THE LANGUAGE OF YOUTH – 1

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NOTES ON SLANG AND THE LANGUAGE OF YOUNG PEOPLE

 

This is a sort of aide-memoire that I use with secondary and undergraduate students and teachers as a starting point in talking about youth language, stating the obvious by way of question-and-answer:

  1. Which recent social and economic developments in British society have affected the attitudes and behaviour of young people?

In the last three decades the UK has seen, according to some commentators, a spectacular breakdown in social cohesion, with high divorce rate/single-parenting/alcohol and drug use/teenage pregnancies/obesity, etc. Especially significant for young people is the absence of authority figures and traditional social constraints. This also contributes to youth crime and gang culture (where the gang may function as a substitute family). Economic turbulence and the peculiarities of the UK property market mean that teenagers may not be able to afford to leave home and may suffer unemployment, but attitudes among teenagers and school-leavers in some cases appear to reflect an indifference to work and lack of aspiration coupled with a sense of entitlement and ‘adult’ desire to consume...

  1. Why do young people invent and use slang?

Slang functions for transgressive in-groups such as street gangs as a secret code which allows them to describe and celebrate their illicit activities and keep them from the attention of authority figures. Young people who may not be transgressing may imitate this ‘deviant’ usage as they see it as glamorous, but in any case slang also serves more innocently as a way for young people to establish a ‘cool’ identity, confirm allegiances within peer-groups and micro-niches and claim ownership of a set of symbols (not only vocabulary but appearance, etc.) that gives them social capital and glamour while they may lack real economic power…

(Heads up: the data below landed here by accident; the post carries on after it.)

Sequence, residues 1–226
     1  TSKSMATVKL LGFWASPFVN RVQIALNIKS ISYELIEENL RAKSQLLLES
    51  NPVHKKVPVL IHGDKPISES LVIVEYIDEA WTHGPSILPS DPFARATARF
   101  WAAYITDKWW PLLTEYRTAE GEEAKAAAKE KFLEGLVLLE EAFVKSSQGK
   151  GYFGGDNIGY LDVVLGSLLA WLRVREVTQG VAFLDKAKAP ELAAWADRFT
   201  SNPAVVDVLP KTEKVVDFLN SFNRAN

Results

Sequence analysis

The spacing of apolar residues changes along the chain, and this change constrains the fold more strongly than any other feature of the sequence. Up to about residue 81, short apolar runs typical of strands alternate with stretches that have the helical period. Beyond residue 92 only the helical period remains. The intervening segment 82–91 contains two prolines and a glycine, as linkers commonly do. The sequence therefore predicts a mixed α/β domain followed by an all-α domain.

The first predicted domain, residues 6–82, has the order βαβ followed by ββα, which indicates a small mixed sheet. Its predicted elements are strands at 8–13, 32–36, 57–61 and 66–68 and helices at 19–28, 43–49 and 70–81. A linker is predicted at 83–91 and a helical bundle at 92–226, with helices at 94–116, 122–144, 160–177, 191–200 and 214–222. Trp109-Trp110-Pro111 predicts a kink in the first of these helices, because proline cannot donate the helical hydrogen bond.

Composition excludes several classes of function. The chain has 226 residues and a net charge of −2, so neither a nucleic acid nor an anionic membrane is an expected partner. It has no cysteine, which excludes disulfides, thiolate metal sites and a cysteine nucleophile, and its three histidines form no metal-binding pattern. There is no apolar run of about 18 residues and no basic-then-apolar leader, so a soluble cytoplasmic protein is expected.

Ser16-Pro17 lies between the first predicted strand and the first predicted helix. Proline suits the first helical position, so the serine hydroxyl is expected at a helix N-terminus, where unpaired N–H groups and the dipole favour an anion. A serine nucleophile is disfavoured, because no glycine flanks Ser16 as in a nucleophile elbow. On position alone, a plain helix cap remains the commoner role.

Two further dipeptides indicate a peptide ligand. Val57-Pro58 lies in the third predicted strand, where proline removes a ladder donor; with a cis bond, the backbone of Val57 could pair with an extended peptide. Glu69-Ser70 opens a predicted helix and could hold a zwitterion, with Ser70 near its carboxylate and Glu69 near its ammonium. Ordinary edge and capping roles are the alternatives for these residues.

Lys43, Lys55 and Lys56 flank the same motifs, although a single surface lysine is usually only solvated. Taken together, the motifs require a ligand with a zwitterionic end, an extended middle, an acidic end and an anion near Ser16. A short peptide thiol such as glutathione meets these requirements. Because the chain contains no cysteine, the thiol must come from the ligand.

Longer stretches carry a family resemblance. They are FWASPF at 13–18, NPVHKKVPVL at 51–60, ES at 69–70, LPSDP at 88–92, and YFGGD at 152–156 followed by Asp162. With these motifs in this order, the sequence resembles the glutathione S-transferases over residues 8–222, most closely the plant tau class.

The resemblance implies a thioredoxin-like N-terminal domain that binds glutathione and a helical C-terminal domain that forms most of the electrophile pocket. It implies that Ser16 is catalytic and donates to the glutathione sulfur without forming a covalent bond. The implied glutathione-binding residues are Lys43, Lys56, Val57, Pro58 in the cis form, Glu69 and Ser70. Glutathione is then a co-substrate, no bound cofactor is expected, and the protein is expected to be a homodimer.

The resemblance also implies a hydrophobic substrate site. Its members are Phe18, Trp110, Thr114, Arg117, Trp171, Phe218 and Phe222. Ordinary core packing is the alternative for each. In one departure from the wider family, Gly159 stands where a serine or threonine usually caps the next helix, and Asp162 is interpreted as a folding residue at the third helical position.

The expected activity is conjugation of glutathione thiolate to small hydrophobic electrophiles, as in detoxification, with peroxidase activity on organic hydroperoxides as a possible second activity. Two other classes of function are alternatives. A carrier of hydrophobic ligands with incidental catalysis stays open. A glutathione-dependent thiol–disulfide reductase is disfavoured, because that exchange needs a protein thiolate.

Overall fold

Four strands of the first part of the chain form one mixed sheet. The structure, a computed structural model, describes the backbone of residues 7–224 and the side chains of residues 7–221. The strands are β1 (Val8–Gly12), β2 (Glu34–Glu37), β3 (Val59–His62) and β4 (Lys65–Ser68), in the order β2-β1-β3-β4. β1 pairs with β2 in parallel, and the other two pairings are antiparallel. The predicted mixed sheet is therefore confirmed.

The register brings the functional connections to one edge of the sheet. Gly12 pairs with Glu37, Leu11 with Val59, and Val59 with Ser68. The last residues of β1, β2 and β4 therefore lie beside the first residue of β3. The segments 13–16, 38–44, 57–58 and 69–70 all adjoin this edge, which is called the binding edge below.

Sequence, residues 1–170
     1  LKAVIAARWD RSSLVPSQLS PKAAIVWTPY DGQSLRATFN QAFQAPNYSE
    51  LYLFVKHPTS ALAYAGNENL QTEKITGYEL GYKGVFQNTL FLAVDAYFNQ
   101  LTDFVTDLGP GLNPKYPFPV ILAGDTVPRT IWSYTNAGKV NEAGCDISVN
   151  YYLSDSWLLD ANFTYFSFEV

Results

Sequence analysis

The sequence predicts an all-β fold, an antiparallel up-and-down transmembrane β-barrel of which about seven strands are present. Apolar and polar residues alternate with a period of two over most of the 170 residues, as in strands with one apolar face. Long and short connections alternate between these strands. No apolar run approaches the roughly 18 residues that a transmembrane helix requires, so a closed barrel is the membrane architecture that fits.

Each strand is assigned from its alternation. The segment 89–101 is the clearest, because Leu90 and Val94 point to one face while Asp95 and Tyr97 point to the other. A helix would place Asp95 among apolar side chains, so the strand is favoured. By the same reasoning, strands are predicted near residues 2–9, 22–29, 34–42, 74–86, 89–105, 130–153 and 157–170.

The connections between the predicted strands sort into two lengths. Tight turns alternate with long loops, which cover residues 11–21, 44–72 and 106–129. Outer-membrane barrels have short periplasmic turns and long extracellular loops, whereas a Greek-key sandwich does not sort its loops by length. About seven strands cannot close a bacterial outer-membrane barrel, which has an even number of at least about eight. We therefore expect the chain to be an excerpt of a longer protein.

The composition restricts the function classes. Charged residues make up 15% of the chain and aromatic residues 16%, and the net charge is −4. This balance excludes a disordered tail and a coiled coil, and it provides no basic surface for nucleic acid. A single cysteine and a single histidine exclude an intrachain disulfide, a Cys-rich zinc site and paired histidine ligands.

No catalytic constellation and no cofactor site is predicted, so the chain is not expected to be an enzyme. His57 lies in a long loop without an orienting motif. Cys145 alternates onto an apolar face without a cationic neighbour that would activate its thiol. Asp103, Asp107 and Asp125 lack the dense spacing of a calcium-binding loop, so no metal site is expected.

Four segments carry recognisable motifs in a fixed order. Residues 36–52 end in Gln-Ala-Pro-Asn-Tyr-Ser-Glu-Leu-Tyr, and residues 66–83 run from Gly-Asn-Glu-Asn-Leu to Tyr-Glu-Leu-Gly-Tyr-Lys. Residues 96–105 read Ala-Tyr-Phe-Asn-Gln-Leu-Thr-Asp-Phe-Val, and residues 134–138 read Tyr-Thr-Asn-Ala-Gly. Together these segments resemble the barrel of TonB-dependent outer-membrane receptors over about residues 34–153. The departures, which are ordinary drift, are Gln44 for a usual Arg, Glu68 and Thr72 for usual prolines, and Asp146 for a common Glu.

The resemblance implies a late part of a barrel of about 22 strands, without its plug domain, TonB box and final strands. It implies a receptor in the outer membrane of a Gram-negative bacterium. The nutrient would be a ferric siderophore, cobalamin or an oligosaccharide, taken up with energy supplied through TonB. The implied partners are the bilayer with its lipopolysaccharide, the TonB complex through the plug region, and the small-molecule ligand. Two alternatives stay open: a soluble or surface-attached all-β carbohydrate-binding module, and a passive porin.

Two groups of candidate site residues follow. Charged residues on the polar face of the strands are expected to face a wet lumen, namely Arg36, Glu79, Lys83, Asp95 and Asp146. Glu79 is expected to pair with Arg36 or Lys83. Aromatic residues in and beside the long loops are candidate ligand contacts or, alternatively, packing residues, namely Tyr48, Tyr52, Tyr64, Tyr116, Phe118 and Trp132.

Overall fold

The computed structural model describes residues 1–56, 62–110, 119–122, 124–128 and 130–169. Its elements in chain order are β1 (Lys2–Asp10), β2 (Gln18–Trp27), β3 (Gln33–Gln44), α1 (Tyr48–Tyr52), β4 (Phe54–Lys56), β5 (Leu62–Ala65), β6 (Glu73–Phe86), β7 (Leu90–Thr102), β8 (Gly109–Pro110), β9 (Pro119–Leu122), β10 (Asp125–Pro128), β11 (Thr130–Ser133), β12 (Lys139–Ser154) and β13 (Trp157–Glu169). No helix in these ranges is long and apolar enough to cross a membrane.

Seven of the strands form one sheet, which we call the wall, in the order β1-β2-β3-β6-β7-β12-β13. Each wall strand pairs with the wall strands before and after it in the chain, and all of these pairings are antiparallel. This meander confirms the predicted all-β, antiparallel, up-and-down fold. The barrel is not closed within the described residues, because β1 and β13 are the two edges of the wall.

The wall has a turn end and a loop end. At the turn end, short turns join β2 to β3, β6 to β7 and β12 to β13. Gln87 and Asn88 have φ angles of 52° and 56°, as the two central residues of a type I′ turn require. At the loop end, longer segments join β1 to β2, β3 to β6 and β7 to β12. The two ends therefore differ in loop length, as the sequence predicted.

1. Are text messaging and slang use by young people really affecting their ability to communicate in more formal situations?

‘Experts’ disagree: some government advisors and employers declare and assume that use of unorthodox language is associated with limited vocabulary, lack of communication skills and negative attitudes. Some academic linguists – and this writer – point out that abbreviated codes associated with electronic media are nothing new and that slang usage can be creative rather than destructive. Some research indicates that those who text or use social networking sites actually tend to have improved or possess higher literacy rates. ‘Appropriacy’ – knowing how to fit your style of language to context – may be a problem for some, but many young people are adept at ‘code-switching’ – moving between different language varieties according to who they are communicating with and why. BUT while slang cannot be disapproved of technically – it functions like poetry and literature – we must recognise that for many adults it provokes strong emotional reactions and is associated with serious crime and social breakdown…

  1. What social factors in the UK have contributed to the appearance of a so-called ‘MLE’ (multiethnic London English) or ‘Urban British English’?

Afrocaribbean, and to a lesser extent East and South Asian music and popular culture have high status among youth. In inner city schools across the UK British English is not the mother tongue for many students, while the shared code outside the classroom is for some a multiethnic youth slang rather than local or standard forms of English. Some linguists claim that an emerging generalised dialect spreading from London and developed by young people is displacing previous localised dialects and traditional slang and may impact on mainstream English in the future, possibly in terms of vocabulary, but more probably in terms of accent and intonation. Mixed urban dialects are not only a feature of the UK but have evolved in other European countries where elements of Arabic, Turkish and other ‘minority’ languages have affected colloquial usage and phonology.

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